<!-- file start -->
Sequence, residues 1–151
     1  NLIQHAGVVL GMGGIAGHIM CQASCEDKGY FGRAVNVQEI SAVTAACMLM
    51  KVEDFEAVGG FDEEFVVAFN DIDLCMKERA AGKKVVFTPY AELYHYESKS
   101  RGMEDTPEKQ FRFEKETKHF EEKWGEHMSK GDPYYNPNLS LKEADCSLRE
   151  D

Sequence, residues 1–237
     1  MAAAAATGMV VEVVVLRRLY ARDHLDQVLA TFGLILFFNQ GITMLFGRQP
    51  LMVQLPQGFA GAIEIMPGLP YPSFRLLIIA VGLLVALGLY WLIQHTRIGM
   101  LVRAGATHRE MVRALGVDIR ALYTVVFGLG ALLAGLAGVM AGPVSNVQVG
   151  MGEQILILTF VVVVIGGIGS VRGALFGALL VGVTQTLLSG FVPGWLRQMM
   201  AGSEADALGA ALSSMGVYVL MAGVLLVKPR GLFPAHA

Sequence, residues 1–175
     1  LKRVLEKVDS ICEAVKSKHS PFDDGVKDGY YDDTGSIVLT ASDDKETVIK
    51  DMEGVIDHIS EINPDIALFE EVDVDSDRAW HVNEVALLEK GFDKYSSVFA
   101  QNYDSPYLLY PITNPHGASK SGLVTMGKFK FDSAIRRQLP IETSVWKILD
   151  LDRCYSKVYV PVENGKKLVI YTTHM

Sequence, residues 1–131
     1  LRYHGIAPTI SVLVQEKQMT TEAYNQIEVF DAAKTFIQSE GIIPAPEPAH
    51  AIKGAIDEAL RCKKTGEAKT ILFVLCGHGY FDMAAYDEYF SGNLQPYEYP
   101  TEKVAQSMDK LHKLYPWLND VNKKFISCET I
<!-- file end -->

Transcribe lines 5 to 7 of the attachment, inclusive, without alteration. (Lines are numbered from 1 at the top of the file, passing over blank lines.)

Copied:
   151  D

Sequence, residues 1–237
     1  MAAAAATGMV VEVVVLRRLY ARDHLDQVLA TFGLILFFNQ GITMLFGRQP